I figured all that out way too many years ago on the rifle team in high school. I could shoot slightly better with a crisp and light trigger in the prone position, but I (and everyone else on the team) shot better by far with a two stage trigger in all the other positions. Before that experience I would have agreed with popular opinion but after that I want some travel in a trigger.

Just my .02


The most important thing to me for improving the accuracy of an old rifle is getting rid of all the copper fouling in the barrel. I'm a firm believer in JB bore cleaner but use it sparingly (every few hundred rounds). I've got a 1944 Lee Enfield that shot over 3" in groups when my Dad used it. I read and article years ago about breaking in barrels and cleaning them and learned about JB from that article. I tried some and my groups with the same factory ammo my Dad used went from over 3" to 1". I've been sold every since and I still use the break in process described in that article on every new rifle I get.
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I have heard that the JB bore cleaner is abrasive and will wear away the rifling in a barrel. I have a pair of M53 Mosins and I'm pretty sure its copper fouling, but the rifling definitely shows its age and I don't want to wear away any more than I have to. What are your thoughts about the bore compound?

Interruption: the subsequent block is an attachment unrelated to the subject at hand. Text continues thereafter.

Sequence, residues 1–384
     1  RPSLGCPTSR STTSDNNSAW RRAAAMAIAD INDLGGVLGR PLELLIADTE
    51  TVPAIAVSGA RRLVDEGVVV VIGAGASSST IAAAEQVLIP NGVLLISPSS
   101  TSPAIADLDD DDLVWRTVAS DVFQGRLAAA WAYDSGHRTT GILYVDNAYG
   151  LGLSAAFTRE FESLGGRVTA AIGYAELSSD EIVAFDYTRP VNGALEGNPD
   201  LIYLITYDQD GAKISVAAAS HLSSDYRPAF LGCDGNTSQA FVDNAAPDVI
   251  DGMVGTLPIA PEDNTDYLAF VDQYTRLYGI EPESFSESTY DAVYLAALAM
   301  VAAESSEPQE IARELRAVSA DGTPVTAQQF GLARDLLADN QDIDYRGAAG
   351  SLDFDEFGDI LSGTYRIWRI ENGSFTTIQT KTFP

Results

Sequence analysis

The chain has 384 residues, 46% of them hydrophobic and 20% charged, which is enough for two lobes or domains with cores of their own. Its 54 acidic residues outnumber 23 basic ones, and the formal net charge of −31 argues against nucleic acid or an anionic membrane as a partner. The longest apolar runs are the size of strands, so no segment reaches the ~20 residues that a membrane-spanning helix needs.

two stage triggers are a different style and require a different set of learning to use them effectively. some people like them, some don't. i personally don't have a lot of experiance with them. i think they are one of those personal preferences on having or not having them. even some of the aftermarket trigger makers have them as an option for those who prefer them.

ahhhhh.....breaking in a barrel! i am not even going to touch that one. there are so many different points of views as to whether it works or it doesn't. whether it's needed on most modern rifles. i think that a person needs to read up on that andmake their own decision as to whether it's needed or is effective for their rifle and needs.